More rules for BEE

Posted by Transcend
Wednesday, 26 September 2012  |  Comments

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More rules for business
Empowerment
Troye Lund | 19 September 2012

Government is revisiting B-BBEE as it tries to spread wealth, but there is a fear it will further complicate the empowerment landscape

Proposed changes to the state's black economic empowerment (BEE) laws and codes aim to improve company compliance and crack down on fronting by making it a criminal offence.

While government says these changes are critical to extend the benefits of empowerment beyond a few wealthy individuals, it's not certain these will have the intended effect. Critics believe the legal amendments on the table will do little more than present businesses with more administrative hoops to jump through in order to secure empowerment ratings.

Changes to the five-year old Broad-Based Black Economic Empowerment Act (B-BBEE) are expected to be tabled in parliament for discussion by the trade & industry portfolio committee next month. These will operate in tandem with a revision of the codes of good practice, including a revised scorecard for B-BBEE to measure compliance. The codes and scorecard will be gazetted and released for public comment in the next few weeks and will, for the first time, be included as part of the primary legislation.

Trade & industry's chief director in charge of BEE, Nomonde Mesatywa, says government is concerned that BEE compliance has been driven by a "tick box" approach without putting substantive transformation interventions in place.

"Companies have been obsessed with the notion of maximum point scoring, aided by unscrupulous verification agencies. This new trajectory is about productive BEE. It's about companies diversifying their value chains, improving skills, developing suppliers and aligning to government's programme around re-industrialisation and creating black local capacity in key sectors of the economy."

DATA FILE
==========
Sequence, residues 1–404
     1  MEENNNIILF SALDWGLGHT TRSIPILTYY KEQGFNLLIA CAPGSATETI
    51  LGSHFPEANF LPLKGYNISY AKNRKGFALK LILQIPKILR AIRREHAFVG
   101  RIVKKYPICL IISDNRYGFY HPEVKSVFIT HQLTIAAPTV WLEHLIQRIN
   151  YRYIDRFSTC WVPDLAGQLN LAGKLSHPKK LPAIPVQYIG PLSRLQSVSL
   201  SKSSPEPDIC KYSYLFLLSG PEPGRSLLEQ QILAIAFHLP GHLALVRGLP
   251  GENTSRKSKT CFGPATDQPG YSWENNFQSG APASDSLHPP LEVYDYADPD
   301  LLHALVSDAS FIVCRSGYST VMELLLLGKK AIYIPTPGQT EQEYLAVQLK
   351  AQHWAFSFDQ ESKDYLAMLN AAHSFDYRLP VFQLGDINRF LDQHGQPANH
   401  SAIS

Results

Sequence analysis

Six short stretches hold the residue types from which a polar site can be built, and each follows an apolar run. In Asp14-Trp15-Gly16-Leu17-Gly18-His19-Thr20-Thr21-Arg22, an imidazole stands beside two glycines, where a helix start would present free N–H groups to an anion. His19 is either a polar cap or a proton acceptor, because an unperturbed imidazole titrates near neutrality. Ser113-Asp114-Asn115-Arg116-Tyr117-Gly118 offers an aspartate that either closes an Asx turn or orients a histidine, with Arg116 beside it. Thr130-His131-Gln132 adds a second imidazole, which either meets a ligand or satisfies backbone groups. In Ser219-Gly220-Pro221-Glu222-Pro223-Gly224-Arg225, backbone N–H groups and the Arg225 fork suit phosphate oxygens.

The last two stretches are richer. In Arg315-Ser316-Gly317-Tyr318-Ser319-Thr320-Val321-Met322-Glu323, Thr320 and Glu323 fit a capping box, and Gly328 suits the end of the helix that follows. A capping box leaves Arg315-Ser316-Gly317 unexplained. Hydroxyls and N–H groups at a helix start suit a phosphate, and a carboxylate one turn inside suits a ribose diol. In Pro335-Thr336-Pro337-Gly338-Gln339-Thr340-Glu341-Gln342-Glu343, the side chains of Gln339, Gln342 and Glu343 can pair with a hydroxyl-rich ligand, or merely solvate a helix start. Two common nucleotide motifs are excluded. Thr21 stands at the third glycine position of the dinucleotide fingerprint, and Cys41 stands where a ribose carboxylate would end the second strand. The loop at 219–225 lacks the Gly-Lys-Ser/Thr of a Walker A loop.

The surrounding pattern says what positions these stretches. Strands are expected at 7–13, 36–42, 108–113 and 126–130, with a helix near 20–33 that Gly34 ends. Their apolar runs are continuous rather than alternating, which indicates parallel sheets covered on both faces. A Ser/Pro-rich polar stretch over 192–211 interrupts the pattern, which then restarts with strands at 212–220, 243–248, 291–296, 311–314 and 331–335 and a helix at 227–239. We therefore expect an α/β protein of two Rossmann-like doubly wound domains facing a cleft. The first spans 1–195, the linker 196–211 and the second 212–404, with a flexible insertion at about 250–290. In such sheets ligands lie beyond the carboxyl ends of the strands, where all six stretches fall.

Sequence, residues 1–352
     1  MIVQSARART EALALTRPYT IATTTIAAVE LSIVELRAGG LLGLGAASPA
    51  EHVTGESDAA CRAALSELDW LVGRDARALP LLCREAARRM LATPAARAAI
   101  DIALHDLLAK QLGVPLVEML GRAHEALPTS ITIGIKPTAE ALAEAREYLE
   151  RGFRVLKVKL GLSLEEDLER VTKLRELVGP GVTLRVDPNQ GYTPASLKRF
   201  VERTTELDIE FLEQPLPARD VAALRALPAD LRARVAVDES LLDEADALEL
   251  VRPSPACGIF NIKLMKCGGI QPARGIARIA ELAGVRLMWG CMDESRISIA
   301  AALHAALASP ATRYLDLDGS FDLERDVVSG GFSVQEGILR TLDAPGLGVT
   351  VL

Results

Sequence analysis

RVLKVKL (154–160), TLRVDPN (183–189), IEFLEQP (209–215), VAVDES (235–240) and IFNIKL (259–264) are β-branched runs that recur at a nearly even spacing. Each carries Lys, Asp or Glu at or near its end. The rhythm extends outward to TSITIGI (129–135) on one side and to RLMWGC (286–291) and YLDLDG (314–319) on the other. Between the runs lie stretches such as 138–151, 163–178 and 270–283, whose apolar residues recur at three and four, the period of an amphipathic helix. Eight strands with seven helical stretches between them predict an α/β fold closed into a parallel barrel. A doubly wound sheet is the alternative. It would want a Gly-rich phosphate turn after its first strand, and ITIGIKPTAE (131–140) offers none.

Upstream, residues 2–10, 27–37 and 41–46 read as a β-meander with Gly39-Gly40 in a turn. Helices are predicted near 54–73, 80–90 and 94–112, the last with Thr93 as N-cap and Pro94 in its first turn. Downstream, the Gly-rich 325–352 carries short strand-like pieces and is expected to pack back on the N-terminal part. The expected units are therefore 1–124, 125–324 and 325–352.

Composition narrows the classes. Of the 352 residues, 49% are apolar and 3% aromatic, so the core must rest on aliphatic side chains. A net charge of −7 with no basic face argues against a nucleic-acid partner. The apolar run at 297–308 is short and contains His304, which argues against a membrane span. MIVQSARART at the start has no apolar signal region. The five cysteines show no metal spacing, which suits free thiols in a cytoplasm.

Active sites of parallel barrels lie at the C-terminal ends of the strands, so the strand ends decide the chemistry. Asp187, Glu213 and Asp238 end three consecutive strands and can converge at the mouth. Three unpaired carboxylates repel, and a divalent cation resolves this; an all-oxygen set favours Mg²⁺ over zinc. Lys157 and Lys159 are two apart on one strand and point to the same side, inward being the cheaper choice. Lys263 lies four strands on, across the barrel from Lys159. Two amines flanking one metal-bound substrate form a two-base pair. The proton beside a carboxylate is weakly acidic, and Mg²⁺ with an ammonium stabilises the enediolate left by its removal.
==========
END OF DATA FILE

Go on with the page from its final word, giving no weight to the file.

The B-BBEE amendment bill aims to set up a commission that will police companies to make sure they are meeting all empowerment regulations. The commission will also investigate fronting and refer any cases to the Special Investigating Unit for prosecution. Company directors guilty of this offence will face prison and/or hefty fines (up to 10% of the guilty company's annual turnover). All companies listed on the JSE will be required to report to the commission on their B-BBEE compliance annually if the amendment bill is passed as it is. This has already sparked debate among MPs about the regulatory burden on SA businesses, especially if a commission is also able to call companies for information in between reporting deadlines.

Proposed legal changes also aim to bring verification agencies in line by introducing a new Independent Regulatory Board of Auditors. This is because getting an empowerment verification certificate has become a game of shopping around for the agency with the right interpretation of the regulations. There can be up to 20 points' difference between agencies.
 

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